Mascarons are perhaps the most enigmatic, appealing and whimsical elements of Art Nouveau architecture.
Mascaron is a type of sculptural decoration in architecture usually in the shape of human or animal head. They can have romantic, horrifying, comical or neutral look.
Originally the purpose of mascarons was to scare away evil spirits from homes and they used to have frightening or chimeric expression. That was the reason they were usually placed on the most visible places: above arches, windows or door openings.
Mascarons were present in most architectural styles: from Gothic to Baroque, and the most recent movement where they were actively involved was Art Nouveu. It incorporated mascarons from different epochs while also created new ones, specific for this style. Below are the photos from my recent trips to different countries, picturing different types of mascarons common for Art Nouveau architecture.
1) Beautiful women
In Europe it was mainly an image of “femme fatale” with long curly hair, mysterious and seductive look. In Russian Modern the female image was rethought and understood as a symbol of purity and spirituality: women there were shown as modest, innocent creatures.
This lady has come to us from Greek mythology and was actively involved in architecture during Renaissance period. At that time she was placed to facades of the houses to scare evil creatures, who by seeing themselves in her eyes will become a stone. In Art Nouveau architecture though it started to symbolize independence of women and their emancipation.
3) Fauns and Satyrs
Imaginary characters from Roman mythology representing forest gods. They were inherited by Art Nouveau from Baroque period.
4) Grotesques, demons, chimeras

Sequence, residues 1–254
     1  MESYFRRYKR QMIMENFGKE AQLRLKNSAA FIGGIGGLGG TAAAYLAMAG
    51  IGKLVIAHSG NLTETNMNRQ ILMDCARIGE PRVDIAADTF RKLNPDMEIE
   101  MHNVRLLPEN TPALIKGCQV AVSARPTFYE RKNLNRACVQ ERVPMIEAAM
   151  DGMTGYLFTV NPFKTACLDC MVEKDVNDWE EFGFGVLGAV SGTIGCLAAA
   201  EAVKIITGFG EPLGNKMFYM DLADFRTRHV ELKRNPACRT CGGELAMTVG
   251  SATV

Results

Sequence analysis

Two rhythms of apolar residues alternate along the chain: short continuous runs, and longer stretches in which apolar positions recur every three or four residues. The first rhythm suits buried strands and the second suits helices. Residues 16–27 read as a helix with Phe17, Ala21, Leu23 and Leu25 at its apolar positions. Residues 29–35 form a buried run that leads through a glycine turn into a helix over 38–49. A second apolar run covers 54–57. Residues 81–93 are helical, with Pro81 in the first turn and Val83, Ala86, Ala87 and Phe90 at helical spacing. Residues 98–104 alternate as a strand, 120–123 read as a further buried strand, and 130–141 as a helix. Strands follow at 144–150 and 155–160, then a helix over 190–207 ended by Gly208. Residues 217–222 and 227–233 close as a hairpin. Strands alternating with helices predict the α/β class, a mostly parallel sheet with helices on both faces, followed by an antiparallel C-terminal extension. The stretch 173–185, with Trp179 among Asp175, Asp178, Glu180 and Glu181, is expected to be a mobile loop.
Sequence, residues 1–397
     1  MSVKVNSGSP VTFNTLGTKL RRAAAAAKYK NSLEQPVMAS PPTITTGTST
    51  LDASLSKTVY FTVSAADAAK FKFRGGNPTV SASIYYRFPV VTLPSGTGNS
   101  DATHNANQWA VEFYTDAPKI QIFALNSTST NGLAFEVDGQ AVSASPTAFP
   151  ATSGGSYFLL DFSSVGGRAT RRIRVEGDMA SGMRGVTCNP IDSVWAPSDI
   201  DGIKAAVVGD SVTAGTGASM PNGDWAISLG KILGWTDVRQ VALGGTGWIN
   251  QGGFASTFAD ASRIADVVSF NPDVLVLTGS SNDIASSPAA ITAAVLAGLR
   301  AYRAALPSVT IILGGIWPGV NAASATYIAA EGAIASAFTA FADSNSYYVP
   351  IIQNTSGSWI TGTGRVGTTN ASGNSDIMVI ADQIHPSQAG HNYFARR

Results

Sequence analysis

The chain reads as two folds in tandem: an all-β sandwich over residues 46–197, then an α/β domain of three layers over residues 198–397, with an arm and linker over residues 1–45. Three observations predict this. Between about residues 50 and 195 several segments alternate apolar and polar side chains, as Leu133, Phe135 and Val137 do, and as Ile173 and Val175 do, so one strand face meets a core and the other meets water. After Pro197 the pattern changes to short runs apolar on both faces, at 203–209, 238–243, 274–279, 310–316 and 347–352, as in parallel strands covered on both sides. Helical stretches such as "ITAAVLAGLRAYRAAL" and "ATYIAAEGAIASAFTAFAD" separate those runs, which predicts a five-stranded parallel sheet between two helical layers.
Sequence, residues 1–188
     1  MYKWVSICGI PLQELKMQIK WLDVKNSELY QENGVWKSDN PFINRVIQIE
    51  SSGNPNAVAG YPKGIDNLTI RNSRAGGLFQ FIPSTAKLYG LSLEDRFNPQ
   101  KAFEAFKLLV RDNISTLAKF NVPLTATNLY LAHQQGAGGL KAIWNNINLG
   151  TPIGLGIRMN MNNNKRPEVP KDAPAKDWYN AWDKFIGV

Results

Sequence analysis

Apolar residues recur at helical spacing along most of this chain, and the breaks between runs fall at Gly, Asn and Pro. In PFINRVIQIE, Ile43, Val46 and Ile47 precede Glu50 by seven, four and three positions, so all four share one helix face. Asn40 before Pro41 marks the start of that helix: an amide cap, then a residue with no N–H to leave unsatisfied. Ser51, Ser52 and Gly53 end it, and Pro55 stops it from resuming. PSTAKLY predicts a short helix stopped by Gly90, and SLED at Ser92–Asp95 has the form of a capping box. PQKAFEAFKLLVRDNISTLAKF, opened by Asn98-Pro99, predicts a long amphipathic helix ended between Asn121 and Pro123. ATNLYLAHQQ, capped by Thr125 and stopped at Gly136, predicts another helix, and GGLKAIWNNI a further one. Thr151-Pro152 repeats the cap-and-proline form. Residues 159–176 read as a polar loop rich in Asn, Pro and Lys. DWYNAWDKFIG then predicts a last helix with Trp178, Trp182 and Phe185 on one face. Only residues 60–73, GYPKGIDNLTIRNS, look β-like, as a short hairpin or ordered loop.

They were very common in Gothic buildings and used to have protective purpose (remember Notre Damme’s gargoyles?).
5) Antique Gods
Architects started to actively involve them during classicism and neo-classicism. Usually the image of relevant god was placed according to the building’s purpose: for example, Hermes or Mercury was featured on the trade buildings.
Masks were in human culture since ancient times. Originally they were used in religious rituals, usually with sacrifice purpose. Later theater was invented and actors started to use them in their performances. In Art Nouveau masks were very often featured on theaters, identifying the purpose of the building.
7) Green Man
Green Man is an image of a human made from or surround by foliage or other greenery. It appeared in early Middle Ages Art and symbolizes the rebirth of nature each spring when plants start to grow.
Usually lions are the most frequently featured, but sometimes foxes and dogs are pictured as well.
What makes Art Nouveu different from any other architectural style, is that it unites elements at first glance absolutely contradictory. It melts together Classicism, Gothic, Baroque and from this mixture creates beautiful buildings, which we admire even today. Have a look at this facade – how many different mascarons can you find here?:
Want to learn more about various interior styles? Check my “HISTORY OF STYLES” book: